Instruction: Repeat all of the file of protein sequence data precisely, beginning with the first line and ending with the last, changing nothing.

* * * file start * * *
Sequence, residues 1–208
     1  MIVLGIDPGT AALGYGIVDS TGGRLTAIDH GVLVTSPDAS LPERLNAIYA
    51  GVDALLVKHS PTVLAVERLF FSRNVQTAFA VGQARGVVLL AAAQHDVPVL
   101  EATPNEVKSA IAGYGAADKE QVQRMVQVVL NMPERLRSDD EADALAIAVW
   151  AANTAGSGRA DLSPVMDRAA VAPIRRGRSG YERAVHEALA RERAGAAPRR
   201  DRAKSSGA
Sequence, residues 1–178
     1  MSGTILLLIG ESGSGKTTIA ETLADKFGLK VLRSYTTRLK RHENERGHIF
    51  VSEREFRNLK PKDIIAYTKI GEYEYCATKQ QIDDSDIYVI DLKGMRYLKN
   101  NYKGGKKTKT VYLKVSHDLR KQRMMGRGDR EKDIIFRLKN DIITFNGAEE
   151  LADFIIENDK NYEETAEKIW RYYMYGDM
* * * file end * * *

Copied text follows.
Sequence, residues 1–208
     1  MIVLGIDPGT AALGYGIVDS TGGRLTAIDH GVLVTSPDAS LPERLNAIYA
    51  GVDALLVKHS PTVLAVERLF FSRNVQTAFA VGQARGVVLL AAAQHDVPVL
   101  EATPNEVKSA IAGYGAADKE QVQRMVQVVL NMPERLRSDD EADALAIAVW
   151  AANTAGSGRA DLSPVMDRAA VAPIRRGRSG YERAVHEALA RERAGAAPRR
   201  DRAKSSGA
Sequence, residues 1–178
     1  MSGTILLLIG ESGSGKTTIA ETLADKFGLK VLRSYTTRLK RHENERGHIF
    51  VSEREFRNLK PKDIIAYTKI GEYEYCATKQ QIDDSDIYVI DLKGMRYLKN
   101  NYKGGKKTKT VYLKVSHDLR KQRMMGRGDR EKDIIFRLKN DIITFNGAEE
   151  LADFIIENDK NYEETAEKIW RYYMYGDM